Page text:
We drove back to East Halton in silence. My head was spinning, and I had no idea how to begin asking all the questions whirling around in my mind. This was almost as awkward as the way we had met, although he was fully clothed this time, so that was a step in the right direction.
I wanted to know why he was in Hartford, but decided to start with our accident.
“You still think I’m not a jinx? Add this to the helium tank and the lamppost and … Ethan, your arm!” I turned in my seat. At some point he’d pushed the sleeves of his shirt up and I could see his injured forearm, except that now it was almost completely healed. A thin red line ran along where the deep gash had been the night before.
Ethan glanced down at it. “Oh yeah. I told you it wasn’t as bad as it looked.” He shrugged it off.
“But still, how did it get better so fast?” I leaned in closer. The cut from last night was definitely more than a scratch, but now that was all that remained.
“I don’t know. I’ve always healed fast. And it really wasn’t as bad as it must have looked in the dim light of the lampposts.”
“Yeah I guess.” I bit the side of my cheek. I understood his words, but something still felt like it didn’t add up. The shock over Ethan’s rapid recovery had rattled me and we fell back into silence. I pretended not to notice a few minutes later when he casually pulled his sleeves back down.
I had traveled this route from Hartford to East Halton
hundreds of times, but never had it seemed so long. Every second I spent with Ethan, things got weirder and weirder. I needed answers that made sense. “Why did you run into me?” I stared at the dashboard.
“I was watching the light and saw that it had changed green. I didn’t look down to see that you hadn’t started driving yet and I hit the gas prematurely. It was stupid, and I’m very sorry.” I glanced over; Ethan kept his eyes on the road as if he didn’t want to make eye contact with me.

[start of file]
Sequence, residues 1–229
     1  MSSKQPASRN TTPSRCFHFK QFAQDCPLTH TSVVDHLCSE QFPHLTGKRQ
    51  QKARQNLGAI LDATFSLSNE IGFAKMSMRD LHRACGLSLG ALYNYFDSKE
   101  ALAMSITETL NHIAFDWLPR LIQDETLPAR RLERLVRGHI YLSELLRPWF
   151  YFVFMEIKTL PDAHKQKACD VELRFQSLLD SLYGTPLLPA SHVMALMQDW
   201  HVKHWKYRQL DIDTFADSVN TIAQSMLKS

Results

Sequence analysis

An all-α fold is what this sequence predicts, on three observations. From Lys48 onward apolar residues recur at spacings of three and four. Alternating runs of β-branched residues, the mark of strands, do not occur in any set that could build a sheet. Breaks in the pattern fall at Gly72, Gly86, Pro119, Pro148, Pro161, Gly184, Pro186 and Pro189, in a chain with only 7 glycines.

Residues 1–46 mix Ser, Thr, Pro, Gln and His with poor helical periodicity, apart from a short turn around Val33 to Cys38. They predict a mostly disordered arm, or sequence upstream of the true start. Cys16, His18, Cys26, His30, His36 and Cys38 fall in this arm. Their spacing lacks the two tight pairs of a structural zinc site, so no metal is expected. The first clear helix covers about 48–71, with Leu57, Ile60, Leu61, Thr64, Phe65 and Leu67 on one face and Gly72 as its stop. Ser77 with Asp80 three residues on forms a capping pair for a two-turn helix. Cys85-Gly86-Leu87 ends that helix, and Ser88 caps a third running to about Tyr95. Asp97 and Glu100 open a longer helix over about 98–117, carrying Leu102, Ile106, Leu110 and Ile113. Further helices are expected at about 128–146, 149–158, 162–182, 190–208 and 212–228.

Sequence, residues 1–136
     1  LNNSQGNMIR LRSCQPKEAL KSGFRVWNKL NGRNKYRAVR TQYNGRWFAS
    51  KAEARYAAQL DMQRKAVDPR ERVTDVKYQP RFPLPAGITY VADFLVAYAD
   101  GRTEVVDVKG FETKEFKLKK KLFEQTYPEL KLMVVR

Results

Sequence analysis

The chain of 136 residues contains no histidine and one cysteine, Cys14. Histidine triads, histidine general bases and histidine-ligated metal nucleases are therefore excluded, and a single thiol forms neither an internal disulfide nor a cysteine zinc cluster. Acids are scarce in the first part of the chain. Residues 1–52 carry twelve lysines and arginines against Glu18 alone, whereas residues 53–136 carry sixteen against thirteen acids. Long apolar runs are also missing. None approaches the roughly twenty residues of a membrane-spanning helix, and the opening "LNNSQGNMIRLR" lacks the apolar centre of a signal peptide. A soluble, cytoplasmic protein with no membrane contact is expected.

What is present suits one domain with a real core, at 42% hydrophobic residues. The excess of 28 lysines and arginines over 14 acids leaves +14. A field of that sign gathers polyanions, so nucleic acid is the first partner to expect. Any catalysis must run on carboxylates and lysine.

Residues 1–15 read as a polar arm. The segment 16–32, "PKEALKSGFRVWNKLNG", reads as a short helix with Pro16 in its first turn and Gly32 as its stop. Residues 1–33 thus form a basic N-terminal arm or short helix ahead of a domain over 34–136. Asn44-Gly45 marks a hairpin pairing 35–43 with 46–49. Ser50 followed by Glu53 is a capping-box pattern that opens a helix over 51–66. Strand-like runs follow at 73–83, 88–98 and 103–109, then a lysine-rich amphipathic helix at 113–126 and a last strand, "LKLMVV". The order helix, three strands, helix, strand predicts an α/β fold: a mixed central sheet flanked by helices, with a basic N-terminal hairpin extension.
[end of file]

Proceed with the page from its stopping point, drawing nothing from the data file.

“Oh.” I thought about what he’d said for a moment then turned in my seat to face him. “You do realize that you’ve sort of saved my life three times now right?”
“What do you mean?” He sounded caught off guard.
“Well, the helium tank almost took my head off, then last night, the glass may not have killed me exactly, but I’m definitely glad it didn’t land on me. And this afternoon, if you hadn’t bumped me with your Jeep, I most likely would have been in the middle of the intersection right as that truck was barreling through. If it had hit my car the way it hit that parked one, at the very least I would have been seriously hurt.” I studied his face, watching for his reaction. We locked eyes for a brief second before he turned to look straight ahead again. The distress that filtered through his gaze was unmistakable.
He drummed his fingers on the steering wheel as though he wasn’t sure how to respond. An awkward silence stretched between us for almost a minute, before he spoke up. “I guess that’s true, but you could’ve been through the intersection too, you never know. It didn’t happen so it’s probably best not to think about it. So where do you live?”
My head jerked up at the abrupt change of subject and I glanced out the window. We were already in East Halton, and almost back to my house. How could he possibly have known which direction to take? All those times I thought I’d caught a glimpse of his Jeep driving by my house. Had that actually been him?
“Keep going down Maple Street, then turn left onto Black River Road. We live right at the edge of town. I’ll let you know when we’re getting close.” I watched him drive for a minute and then turned to look out the passenger window.
As I watched the trees with their brightly-colored
autumn leaves stream by, the questions played over and over in my mind: How did Ethan just happen to be behind me at that particular intersection? And why did it seem he already knew where I lived? He kept showing up wherever I was. I had to find out what was going on.
“We’re here,” Ethan declared, and I looked up to see that he was turning into my driveway.
“How did you know this was my house?” I blinked.
“You said it was at the edge of town; this is pretty much the last house before you head out into the country, and your last name was on the mailbox. I took a guess,” he replied, his face innocent. There wasn’t even a hint in his expression or tone that he was scrambling to come up with an answer.